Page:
Placenta Can Block COVID-19 Spread From Pregnant Mother to Baby: Study
The findings could help prevent and treat the spread of COVID-19 and other lung diseases.
While COVID-19 significantly impacts many pregnant women, the rates of transmission from a pregnant mother to the baby are very low.
A new study from the Boston University School of Medicine (BUSM) indicates that ACE-2, the receptor that allows SARS-CoV-2 to enter cells, is found in lower levels in the placentas of pregnant women with COVID-19.
The findings were reported in the American Journal of Pathology.
"We think that when a woman has COVID-19 in pregnancy, the placenta sheds ACE-2 as a way to block SARS-CoV-2 from being passed to the fetus."Elizabeth S. Taglauer, Assistant Professor of Paediatrics, Boston University School of Medicine
The team behind the study collected and analysed placentas from women who delivered at Boston Medical Center from July 2020 to April 2021.
The samples were taken from two groups - the first group was women who had normal pregnancies and no report of SARS-CoV-2 infection.
The second group of women were SARS-CoV-2 positive and had contracted COVID-19 during pregnancy.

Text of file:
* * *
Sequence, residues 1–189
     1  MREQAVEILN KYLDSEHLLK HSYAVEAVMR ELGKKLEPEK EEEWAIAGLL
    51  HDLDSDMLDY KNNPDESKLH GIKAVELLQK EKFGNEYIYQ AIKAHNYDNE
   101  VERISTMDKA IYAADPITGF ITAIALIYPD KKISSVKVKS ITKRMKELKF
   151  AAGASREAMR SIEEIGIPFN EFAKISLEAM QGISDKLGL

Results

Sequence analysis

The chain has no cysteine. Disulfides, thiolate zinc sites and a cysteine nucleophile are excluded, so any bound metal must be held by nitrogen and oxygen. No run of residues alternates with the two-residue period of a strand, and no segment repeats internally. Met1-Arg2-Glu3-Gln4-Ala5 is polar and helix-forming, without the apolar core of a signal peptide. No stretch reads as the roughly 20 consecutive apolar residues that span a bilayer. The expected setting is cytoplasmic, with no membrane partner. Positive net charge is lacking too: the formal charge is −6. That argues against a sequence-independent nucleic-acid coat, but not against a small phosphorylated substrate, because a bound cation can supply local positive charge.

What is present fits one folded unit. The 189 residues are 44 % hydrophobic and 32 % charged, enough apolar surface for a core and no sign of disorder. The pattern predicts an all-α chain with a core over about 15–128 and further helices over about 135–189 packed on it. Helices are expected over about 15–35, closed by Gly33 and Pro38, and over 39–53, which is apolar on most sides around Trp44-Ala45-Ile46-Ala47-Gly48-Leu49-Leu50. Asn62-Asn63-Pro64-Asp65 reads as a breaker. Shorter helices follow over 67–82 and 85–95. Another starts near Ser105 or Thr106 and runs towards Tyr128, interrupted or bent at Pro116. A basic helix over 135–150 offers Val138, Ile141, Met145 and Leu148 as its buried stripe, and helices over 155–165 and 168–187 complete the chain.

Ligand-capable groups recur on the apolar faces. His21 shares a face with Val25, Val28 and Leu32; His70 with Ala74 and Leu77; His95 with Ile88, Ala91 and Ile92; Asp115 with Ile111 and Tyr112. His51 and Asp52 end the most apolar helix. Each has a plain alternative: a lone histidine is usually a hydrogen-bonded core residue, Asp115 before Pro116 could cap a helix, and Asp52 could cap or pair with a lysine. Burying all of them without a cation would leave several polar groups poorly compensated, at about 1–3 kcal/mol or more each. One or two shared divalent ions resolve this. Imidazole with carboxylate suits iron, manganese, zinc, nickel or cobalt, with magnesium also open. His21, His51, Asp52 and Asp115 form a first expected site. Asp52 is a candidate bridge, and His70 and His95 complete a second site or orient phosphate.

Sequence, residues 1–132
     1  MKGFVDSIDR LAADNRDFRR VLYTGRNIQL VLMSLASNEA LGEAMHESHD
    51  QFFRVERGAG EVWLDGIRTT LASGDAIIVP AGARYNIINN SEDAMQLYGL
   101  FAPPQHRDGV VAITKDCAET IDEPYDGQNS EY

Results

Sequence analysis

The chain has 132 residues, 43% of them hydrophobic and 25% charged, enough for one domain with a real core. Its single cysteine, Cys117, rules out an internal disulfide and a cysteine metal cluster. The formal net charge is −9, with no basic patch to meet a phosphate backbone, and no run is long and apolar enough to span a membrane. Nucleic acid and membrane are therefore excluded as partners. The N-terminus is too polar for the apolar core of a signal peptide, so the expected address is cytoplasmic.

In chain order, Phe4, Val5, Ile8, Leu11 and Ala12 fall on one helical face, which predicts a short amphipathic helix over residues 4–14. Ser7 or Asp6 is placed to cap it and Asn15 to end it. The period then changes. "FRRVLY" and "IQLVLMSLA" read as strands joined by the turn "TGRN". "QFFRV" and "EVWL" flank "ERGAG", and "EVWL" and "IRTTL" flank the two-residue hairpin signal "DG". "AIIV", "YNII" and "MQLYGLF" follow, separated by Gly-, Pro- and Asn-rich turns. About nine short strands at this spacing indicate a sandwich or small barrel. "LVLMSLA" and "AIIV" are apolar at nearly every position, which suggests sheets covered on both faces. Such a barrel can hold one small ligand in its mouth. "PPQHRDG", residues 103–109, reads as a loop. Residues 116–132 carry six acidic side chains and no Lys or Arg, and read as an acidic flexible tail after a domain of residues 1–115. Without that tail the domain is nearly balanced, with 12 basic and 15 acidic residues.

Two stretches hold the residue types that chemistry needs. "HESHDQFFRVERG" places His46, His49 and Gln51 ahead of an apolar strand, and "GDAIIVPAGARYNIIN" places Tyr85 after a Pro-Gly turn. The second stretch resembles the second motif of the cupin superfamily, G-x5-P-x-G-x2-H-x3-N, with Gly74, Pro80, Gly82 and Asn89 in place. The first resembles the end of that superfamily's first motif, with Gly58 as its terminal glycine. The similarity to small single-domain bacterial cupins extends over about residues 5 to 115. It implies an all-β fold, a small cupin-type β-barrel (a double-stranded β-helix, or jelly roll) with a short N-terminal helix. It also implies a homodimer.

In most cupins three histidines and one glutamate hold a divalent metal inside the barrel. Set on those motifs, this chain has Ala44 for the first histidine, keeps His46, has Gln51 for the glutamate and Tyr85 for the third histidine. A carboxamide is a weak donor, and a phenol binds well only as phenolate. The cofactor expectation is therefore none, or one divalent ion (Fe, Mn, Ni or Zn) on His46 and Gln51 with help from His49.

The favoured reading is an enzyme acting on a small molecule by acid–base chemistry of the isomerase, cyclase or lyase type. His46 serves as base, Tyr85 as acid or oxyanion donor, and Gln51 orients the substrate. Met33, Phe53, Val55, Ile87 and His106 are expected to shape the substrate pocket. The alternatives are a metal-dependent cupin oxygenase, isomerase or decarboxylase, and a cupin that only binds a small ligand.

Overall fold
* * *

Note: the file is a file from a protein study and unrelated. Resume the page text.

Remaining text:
The researchers then observed ACE-2 expression in the placentas under a microscope and compared placental ACE-2 expression using genetic and protein analysis techniques.
According to the team behind the report, the placenta is similar to the lung in many ways, and this study could help prevent and treat COVID-19 infections, as well as other types of lung disease.
"The placenta is one of the few "success stories" of the pandemic. If we understand how the placenta naturally protects babies from COVID-19, it may provide important information to help prevent the spread of other SARS-CoV-2 infections."Elizabeth S. Taglauer, Assistant Professor of Paediatrics, Boston University School of Medicine
(This story was published from a syndicated feed. Only the headline and picture has been edited by FIT.)
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